“We need to get to the bottom of making sure that every single state agency runs as efficiently and effectively — ethically and morally — the people that are in those positions, on those boards — that they can go back to the general public and say, ‘this board regulates licensees and complaints, and we are very confident in our ability to do so.’ I am not very confident in the ability of this Veterinary Board to do so,” he said.
According to the Sunset report, the second contract went missing after TBVME’s executive staff resigned in April.
In September, Brittany Sharkey was named the new, permanent executive director of the agency. She previously served as general counsel for TBVME from 2019 to 2021.
During an October budget hearing at the Capitol, Sharkey testified about the new administration at the agency — noting funding for a new database was the agency’s “highest priority.”
According to its Legislative Appropriations Request (LAR), the agency has been “hindered by a lack of adequate resources to meet its core mission for the last several years,” which is why it is asking for more funding for a new database — $143,110 in one-time costs and $276,120 in ongoing expenses.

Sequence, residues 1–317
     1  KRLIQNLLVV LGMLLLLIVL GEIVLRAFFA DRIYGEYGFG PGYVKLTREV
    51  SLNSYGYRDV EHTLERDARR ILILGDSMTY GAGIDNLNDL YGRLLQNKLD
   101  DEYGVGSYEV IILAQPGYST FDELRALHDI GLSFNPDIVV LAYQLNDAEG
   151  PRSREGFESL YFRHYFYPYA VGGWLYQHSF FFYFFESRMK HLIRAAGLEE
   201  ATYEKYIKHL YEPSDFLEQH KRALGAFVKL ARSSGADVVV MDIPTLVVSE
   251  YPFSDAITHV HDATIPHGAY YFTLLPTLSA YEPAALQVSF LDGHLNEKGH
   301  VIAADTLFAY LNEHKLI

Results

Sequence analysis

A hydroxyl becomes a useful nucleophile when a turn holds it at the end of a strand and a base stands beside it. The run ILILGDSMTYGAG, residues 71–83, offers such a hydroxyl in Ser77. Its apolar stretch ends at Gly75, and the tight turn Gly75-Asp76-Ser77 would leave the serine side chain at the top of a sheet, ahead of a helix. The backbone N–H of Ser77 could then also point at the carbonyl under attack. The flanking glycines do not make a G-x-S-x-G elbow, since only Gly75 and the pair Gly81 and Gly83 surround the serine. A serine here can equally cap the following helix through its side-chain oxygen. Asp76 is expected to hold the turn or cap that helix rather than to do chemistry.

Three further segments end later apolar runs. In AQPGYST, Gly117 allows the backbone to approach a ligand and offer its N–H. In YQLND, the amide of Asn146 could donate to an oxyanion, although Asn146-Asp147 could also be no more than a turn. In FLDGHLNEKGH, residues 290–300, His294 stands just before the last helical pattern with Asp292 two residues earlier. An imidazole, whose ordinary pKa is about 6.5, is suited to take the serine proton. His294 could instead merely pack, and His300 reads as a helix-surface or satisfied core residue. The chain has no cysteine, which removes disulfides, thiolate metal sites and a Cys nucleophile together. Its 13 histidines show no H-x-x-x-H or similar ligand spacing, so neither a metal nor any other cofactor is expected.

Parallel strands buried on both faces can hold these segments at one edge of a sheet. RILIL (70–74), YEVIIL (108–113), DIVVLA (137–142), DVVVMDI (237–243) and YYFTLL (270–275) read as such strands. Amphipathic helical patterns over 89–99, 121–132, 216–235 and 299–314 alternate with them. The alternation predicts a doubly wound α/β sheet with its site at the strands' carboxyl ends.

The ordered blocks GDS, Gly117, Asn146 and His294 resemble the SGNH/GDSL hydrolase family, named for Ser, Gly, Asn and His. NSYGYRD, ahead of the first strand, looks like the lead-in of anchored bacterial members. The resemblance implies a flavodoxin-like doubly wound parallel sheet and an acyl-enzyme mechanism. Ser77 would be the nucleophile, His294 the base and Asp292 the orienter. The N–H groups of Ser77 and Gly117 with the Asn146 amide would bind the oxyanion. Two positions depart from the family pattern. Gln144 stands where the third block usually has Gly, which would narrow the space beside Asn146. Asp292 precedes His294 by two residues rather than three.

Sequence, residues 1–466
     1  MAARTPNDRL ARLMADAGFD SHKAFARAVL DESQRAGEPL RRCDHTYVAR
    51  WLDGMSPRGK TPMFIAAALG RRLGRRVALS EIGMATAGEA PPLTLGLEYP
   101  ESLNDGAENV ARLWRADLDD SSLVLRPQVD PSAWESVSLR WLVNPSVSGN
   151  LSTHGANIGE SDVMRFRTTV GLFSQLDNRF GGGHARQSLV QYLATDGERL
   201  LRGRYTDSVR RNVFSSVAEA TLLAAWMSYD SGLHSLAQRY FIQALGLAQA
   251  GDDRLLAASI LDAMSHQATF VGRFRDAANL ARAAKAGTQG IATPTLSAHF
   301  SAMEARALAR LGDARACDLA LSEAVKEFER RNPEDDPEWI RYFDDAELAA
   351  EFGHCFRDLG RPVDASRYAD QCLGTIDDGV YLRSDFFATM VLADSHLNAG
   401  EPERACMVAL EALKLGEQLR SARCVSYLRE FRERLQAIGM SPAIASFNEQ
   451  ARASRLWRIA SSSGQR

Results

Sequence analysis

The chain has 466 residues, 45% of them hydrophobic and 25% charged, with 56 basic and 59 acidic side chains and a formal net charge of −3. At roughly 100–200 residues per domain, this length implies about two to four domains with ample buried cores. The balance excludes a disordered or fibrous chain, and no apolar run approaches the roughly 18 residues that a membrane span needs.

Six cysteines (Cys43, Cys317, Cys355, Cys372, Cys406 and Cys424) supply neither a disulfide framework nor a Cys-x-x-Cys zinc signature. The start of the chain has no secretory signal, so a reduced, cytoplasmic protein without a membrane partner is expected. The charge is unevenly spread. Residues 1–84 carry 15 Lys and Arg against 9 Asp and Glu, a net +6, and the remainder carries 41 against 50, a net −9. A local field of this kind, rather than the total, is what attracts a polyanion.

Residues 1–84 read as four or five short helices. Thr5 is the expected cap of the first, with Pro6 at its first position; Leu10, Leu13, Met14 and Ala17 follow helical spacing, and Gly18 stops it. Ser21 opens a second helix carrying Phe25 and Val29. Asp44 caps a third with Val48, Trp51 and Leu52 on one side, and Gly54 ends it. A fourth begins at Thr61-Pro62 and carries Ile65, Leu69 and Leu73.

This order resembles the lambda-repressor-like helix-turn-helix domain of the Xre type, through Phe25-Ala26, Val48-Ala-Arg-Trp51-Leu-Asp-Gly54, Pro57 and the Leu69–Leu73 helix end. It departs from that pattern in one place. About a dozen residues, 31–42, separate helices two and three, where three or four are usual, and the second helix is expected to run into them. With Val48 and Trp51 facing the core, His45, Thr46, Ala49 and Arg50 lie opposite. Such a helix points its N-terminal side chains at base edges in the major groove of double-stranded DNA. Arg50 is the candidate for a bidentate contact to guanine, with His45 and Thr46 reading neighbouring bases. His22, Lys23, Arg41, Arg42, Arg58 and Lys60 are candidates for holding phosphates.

At the October meeting, Sharkey testified her staff is currently using a combination of some operational parts of a database and Excel spreadsheets to track information.
“This makes basic data reporting a complex task. Hours are spent pulling together case information for our board meetings, and it hinders the accuracy with which we can provide data to the public,” she said.
During Thursday’s Sunset hearing, Schwertner told the other members of the commission KXAN’s investigation revealed concerns about “the inability, really, to find just basic information about licensees on the website: basic complaints, the thoroughness of those complaints,” he said.
Lawmakers then questioned Sharkey and Keith Pardue, who recently became the Board Chair after serving on the board for several years, about how they planned to address the database problems and why they were not aware sooner.
“I do understand the mission of this agency to keep a high standard of veterinary care in the state of Texas. I am doing everything I know to do to keep that standard high and correct these issues,” Pardue said.
In an interview after the hearing, Schwertner told KXAN he is still not confident the agency is headed in the right direction.